Making the case

Observation of a School: Understanding Walking and Biking Safety Issues

The best way to understand walking and bicycling safety issues at a particular school is by observing students arriving or departing during a normal school day. This includes observing children as they walk or bike the routes to school, how they cross streets, the interactions they have with cars and buses on the school campus, and how they make their way to the school door. The goal is to identify two main things:

December Webinar: Fresh Ideas from the 2012 Oberstar SRTS Award Program

As the importance of drawing upon community assets to sustain SRTS programs continues to grow, thinking beyond the "usual suspects" as partners is more important than ever.  In this sixty minute program, we will highlight partner ideas from four outstanding programs that provide wonderful examples of building strong ties with other community organizations.

Getting There Together: A Message from the Director

So much has happened since our last Safe Routes Matters.  So many important decisions, events and announcements that will help to move forward the idea behind Safe Routes to School.  Starting with International Walk to School Day, the lucky seventh since the National Center was formed.  Once again the country set a new record for the number of registered events—4,250 to date, with one week of reporting to go.  All of you reading this had something to do with making that happen, so a big congratulations to you.

Q&A: Delivering a Gorilla-Sized Walk to School Day

For most readers of this e-newsletter, Walk to School Day will be a happy memory at this point.  Not so for Don Cross.  He’ll have some warm and fuzzies for sure, but with more still to come for another week or so.

Safe Routes to School as a Catalyst for Community Change in Montpelier, Vermont

Six years ago, Community Connections, a local nonprofit that runs afterschool programs in Montpelier, Vt., public schools, identified a need to get students more physically active during the school day.  The organization saw the Safe Routes to School (SRTS) program as the perfect way to get students excited about physical activity.

After receiving a non-infrastructure SRTS grant from the state, Community Connections spent the next two years running programs that concentrated on the five E’s: Education, Encouragement, Enforcement, Evaluation and Engineering.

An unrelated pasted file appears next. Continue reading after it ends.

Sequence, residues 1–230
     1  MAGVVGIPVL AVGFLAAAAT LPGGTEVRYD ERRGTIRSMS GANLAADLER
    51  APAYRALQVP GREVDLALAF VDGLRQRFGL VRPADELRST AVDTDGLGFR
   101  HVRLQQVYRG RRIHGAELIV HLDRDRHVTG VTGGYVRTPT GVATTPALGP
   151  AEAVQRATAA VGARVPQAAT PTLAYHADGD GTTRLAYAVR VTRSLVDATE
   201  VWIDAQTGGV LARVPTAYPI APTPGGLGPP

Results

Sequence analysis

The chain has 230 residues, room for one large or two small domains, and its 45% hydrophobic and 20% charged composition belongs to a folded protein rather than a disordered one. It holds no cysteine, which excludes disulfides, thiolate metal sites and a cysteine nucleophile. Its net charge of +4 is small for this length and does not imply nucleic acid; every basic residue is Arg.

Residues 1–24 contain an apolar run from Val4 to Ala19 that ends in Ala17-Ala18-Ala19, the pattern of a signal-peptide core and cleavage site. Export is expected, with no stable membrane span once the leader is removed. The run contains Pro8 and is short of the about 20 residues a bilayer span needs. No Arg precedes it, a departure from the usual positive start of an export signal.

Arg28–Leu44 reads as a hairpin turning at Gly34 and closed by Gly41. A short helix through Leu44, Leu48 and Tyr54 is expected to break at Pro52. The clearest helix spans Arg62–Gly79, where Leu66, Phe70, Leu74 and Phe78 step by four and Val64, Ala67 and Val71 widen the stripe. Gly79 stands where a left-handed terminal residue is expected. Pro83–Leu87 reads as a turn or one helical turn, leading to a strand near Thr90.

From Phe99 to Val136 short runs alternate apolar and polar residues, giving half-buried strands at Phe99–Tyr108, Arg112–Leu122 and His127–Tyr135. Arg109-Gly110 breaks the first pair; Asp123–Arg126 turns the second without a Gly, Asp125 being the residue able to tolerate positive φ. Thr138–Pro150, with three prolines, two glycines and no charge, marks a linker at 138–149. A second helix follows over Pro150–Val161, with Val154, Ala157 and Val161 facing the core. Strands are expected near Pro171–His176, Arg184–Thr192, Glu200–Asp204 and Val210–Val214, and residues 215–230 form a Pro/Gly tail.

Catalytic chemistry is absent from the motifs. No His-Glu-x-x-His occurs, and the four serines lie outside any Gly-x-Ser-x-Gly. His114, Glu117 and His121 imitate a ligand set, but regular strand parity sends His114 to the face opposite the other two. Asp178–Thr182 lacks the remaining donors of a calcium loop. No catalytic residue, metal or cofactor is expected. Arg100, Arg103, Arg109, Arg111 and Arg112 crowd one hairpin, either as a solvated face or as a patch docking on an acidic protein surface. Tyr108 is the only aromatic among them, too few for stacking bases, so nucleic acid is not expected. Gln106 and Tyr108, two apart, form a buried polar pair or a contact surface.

Methods for Estimating the Environmental Health Impacts of SRTS Programs

This report explores environmental health and Safe Routes to School through a review of the relationship between environmental health and school travel, a discussion on measuring the environmental health impacts of school travel, and five examples of methods used by SRTS programs to estimate the impact of their activities on local air quality and carbon dioxide emissions.

Resource File: 

Getting Results: SRTS Programs That Increase Walking and Bicycling to School

Getting Results: SRTS Programs That Increase Walking and Bicycling to School offers brief summaries of eight programs that measured their walking and bicycling numbers and found an increase.  The resource aims to assist and inspire Safe Routes to School (SRTS) programs to measure student travel patterns to look for possible changes over time and measure the progress of their activities.

Put the data to work.

Ultimately, the collection of school travel data and subsequent analysis can enable a SRTS program to measure the efficacy of its programs, determine how successful it is and communicate its success to the community and potential funders.

Getting Results: SRTS Programs That Increase Walking and Bicycling to School is the third installment in a series of resources on getting and measuring results with SRTS programs. To read more about measuring and evaluating the results of an SRTS program, visit Getting Results: SRTS Programs That Reduce Traffic and Getting Results: SRTS Programs That Reduce Speeding and Distracted Driving.

Getting More Students to Walk and Bicycle: Four Elements of Successful Programs

Though some Safe Routes to School programs have to address safety problems first, most programs ultimately aim to increase walking and bicycling among students. Some programs yield a greater response than imagined; others start out by showing great promise, but end up not reaching their goals.

The National Center for Safe Routes to School, in an effort to better understand what factors might contribute to increases in walking and bicycling, examined programs for elements linked to measured walking and bicycling outcomes.

Authoring Organization: 
National Center for Safe Routes to School

Shifting Modes: A Comparative Analysis of SRTS Program Elements and Travel Mode Outcomes

This study explores how school-level dynamics that underlie the planning and implementation of SRTS programs relate to the percentage of students who walk and bicycle between home and school.

Do successful Safe Routes to School programs have something in common?

Shifting Modes: A Comparative Analysis of Safe Routes to School Program Elements and Travel Mode Outcomes identifies the following four key factors that successful SRTS programs share:

Authoring Organization: 
National Center for Safe Routes to School